Cabinet may consider FDI by foreign airlines before budget
New Delhi: The civil aviation ministry's proposal to allow foreign capital by international airlines in cash-strapped domestic carriers may come up for the cabinet's approval before the budget session, a minister said Tuesday.
"We will send a proposal in regard to foreign airlines entering domestic carriers through FDI (foreign direct investment) to the commerce ministry and from there to the cabinet," Civil Aviation Minister Ajit Singh told reporters here.
"This may happen before the budget."
Currently, foreign airlines are not allowed to directly invest in Indian carriers for security reasons. However, 49 percent of FDI is allowed by non-airline players.
On Jan 17, a group of ministers (GoM) headed by Finance Minister Pranab Mukherjee agreed to draft a cabinet note proposing a 49 percent cap on FDI by foreign carriers' in domestic airlines.
Before this, various government departments has proposed different investment caps, from 24 percent to 26 percent. The commerce ministry's department of industrial policy and promotion (DIPP) had suggested a 26 percent cap.
"Private airlines in the country are in need of funds for operations and service upgradation to compete with other global carriers," said the DIPP note.
When asked whether foreign airlines would be interested in investing in domestic carriers, Singh said: "Indian civil aviation is growing at a very fast pace and we want to develop it (India) like a hub."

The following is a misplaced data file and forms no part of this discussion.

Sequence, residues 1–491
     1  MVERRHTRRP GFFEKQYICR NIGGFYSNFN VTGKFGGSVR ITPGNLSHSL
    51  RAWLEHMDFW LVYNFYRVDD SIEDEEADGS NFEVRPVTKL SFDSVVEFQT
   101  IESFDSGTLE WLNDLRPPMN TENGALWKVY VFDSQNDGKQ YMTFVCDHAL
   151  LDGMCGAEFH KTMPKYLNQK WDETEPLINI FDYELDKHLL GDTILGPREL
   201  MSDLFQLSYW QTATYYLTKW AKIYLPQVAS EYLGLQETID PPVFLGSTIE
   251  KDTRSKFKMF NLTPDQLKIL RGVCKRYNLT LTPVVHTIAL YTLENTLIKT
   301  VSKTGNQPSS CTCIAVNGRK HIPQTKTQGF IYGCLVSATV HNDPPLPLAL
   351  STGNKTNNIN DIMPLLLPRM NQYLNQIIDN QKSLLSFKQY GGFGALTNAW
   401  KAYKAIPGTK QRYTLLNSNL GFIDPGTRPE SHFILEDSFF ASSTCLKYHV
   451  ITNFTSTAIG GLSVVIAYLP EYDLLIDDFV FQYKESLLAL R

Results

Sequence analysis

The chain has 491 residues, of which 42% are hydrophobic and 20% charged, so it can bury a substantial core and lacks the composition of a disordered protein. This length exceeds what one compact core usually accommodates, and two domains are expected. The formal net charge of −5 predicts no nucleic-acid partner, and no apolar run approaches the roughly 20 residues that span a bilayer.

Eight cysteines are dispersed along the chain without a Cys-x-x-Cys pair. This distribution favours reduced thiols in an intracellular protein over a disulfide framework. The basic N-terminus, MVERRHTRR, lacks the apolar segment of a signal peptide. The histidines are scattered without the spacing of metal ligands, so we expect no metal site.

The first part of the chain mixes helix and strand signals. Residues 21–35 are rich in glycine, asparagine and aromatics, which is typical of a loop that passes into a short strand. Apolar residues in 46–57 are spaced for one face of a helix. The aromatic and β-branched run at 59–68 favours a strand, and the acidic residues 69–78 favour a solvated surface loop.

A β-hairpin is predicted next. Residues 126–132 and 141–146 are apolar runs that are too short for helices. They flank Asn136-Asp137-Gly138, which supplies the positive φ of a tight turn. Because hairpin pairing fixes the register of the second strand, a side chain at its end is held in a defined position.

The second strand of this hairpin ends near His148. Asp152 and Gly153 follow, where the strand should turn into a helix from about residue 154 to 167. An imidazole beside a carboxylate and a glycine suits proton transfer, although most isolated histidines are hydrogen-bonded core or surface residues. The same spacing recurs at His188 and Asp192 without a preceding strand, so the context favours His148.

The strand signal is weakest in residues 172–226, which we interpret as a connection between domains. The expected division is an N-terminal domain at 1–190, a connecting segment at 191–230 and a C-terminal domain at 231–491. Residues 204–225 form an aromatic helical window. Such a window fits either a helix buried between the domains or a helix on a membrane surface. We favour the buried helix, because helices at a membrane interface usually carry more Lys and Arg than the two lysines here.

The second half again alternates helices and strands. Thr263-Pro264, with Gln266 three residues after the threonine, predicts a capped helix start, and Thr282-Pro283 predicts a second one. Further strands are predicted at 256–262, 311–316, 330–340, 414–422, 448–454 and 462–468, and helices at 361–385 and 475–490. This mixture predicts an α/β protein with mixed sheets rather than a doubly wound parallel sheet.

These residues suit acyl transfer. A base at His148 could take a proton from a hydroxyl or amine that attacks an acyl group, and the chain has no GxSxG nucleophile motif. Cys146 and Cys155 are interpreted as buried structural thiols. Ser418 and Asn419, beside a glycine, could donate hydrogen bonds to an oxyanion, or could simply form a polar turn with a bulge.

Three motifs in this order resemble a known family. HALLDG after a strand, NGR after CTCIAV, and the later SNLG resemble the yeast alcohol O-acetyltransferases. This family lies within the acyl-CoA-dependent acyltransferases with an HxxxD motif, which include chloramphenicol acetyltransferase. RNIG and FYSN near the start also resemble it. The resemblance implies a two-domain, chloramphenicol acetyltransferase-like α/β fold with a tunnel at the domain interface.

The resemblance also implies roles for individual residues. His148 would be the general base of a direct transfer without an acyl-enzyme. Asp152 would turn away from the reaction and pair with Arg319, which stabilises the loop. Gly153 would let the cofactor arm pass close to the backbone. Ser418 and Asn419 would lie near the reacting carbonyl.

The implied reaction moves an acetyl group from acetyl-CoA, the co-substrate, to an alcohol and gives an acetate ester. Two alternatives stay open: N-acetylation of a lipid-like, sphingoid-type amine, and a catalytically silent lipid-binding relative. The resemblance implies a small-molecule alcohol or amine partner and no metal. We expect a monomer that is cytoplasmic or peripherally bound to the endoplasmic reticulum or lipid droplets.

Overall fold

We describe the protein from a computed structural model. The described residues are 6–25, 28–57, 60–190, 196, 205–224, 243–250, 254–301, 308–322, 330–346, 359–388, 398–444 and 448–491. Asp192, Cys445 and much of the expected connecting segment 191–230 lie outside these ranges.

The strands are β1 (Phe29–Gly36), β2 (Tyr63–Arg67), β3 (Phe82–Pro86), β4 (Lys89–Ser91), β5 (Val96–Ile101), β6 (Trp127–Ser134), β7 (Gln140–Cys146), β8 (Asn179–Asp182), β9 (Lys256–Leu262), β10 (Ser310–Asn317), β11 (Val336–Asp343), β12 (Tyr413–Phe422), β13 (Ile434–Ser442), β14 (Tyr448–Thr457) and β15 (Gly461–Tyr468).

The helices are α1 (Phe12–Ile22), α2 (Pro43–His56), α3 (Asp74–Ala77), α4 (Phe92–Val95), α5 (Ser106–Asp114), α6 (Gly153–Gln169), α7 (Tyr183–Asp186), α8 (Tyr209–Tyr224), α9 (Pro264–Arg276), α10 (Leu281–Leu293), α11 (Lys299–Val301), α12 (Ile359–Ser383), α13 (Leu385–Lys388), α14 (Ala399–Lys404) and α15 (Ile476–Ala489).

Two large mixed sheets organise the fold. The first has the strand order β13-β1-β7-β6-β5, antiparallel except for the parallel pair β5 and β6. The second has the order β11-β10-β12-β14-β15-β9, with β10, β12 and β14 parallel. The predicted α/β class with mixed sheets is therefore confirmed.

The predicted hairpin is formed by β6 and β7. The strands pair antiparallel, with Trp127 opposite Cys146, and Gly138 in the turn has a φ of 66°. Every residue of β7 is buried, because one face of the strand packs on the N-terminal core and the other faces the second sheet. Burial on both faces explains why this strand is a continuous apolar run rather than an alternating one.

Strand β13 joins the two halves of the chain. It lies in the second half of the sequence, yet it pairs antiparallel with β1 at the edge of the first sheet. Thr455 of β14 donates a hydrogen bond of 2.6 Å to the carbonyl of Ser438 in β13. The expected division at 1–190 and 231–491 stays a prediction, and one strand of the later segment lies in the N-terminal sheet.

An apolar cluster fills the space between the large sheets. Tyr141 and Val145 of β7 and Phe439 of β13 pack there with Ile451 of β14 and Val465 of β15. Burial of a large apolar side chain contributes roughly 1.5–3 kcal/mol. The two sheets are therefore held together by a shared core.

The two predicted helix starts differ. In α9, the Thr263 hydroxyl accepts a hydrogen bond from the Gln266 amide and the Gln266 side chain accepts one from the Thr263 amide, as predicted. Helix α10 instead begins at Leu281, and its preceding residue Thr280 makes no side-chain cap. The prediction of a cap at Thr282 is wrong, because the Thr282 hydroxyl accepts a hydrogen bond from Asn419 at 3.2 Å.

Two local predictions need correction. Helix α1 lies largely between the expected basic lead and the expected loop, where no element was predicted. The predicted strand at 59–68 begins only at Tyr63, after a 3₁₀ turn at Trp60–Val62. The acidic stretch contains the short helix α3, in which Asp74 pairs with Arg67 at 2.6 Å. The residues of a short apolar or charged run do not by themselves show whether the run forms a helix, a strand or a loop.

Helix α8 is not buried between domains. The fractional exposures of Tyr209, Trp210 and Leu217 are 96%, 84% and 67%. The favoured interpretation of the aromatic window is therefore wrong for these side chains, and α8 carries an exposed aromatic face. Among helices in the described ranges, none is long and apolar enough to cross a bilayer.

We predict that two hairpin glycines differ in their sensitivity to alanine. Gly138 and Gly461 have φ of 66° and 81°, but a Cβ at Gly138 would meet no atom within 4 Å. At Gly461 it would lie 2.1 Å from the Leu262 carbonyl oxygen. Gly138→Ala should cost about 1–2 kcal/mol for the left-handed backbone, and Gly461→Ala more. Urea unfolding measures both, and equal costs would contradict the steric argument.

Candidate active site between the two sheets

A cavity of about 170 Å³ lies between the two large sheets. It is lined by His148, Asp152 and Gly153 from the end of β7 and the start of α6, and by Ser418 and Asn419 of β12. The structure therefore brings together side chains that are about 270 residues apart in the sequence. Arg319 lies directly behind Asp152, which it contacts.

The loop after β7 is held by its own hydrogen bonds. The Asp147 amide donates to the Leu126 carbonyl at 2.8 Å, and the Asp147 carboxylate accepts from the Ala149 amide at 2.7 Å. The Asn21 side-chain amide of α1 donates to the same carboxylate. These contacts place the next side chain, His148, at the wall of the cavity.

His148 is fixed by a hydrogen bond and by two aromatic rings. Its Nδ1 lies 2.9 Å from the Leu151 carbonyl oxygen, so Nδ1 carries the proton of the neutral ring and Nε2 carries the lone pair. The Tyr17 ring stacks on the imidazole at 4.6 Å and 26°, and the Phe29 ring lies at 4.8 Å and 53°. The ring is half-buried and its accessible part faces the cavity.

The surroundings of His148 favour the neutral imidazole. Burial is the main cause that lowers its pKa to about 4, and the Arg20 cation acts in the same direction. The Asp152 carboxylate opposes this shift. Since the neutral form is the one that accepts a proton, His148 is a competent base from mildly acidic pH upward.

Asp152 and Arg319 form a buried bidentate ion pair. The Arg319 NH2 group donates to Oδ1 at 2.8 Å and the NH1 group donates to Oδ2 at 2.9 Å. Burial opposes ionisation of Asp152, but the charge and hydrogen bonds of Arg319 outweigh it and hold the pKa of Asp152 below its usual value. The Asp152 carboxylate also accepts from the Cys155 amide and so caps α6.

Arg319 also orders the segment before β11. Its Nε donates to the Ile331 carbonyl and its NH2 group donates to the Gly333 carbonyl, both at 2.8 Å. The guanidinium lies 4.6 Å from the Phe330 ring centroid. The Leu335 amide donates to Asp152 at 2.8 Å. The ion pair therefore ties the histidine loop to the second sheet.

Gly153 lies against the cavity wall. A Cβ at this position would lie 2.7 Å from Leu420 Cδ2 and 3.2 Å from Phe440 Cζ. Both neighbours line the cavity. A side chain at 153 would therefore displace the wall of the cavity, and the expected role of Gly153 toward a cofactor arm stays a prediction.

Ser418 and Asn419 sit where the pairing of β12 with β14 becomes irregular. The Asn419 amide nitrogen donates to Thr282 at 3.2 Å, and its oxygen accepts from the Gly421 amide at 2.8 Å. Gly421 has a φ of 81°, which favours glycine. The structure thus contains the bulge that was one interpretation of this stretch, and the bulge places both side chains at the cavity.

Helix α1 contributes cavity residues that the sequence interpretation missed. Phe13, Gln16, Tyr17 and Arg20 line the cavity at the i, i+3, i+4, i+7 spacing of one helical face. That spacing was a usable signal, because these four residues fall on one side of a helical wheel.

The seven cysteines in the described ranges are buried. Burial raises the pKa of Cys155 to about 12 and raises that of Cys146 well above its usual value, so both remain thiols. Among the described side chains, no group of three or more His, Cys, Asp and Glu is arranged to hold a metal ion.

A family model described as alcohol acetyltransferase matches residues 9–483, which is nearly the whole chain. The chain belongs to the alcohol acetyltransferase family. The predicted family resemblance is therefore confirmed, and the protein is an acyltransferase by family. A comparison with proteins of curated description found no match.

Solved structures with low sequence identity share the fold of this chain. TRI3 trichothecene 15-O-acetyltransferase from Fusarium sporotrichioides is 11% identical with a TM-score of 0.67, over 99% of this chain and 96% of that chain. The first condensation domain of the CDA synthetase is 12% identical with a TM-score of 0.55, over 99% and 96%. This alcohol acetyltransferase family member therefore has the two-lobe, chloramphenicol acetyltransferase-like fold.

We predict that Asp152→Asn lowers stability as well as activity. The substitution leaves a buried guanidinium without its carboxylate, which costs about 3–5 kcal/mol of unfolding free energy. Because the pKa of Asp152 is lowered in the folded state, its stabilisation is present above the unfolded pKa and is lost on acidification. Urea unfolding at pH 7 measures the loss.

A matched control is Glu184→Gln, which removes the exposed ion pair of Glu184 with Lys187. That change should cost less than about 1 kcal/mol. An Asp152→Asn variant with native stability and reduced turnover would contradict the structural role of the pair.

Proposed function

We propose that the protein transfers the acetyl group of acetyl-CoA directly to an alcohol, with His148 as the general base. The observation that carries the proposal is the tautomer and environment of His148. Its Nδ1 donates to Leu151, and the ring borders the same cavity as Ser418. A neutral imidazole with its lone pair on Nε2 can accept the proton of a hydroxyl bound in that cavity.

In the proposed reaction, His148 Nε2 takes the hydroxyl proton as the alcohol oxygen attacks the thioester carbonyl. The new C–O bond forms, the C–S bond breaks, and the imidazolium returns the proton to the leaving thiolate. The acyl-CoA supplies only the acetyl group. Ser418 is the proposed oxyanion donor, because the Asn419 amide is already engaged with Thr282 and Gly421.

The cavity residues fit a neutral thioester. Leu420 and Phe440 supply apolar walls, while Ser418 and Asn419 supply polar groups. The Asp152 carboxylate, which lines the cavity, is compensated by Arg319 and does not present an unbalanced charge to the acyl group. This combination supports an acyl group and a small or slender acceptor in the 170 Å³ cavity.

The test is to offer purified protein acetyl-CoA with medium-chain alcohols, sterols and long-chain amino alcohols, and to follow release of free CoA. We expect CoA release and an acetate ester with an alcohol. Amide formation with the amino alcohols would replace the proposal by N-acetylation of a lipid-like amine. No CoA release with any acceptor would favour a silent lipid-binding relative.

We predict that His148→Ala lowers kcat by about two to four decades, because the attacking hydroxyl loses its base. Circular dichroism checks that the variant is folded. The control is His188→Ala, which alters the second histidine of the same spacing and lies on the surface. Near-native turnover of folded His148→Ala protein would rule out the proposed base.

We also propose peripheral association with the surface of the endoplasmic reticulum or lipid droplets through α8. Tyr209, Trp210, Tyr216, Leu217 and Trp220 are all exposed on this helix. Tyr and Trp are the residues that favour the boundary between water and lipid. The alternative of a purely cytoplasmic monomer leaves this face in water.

Owing to high jet fuel and interest costs, three major airlines -- Kingfisher, Jet and SpiceJet -- reported heavy second quarter losses.
On the report submitted by retired Supreme Court Justice D.M. Dharmadhikari on Air India's human resource integration issues, Singh said his ministry would study the findings and then initiate them.
"We have to study the report first and then see how best we can implement the suggestions in the report."
The committee which was formed in May 2011 was tasked to examine the issues of pay and wage rationalisation as well as restructuring of employees cadres in the post-merged Air India.
Air India was merged with erstwhile Indian Airlines five years ago, but several unions, including that of pilots from Indian Airlines, had went on strikes thrice last year to demand pay parity with their counterparts from Air India.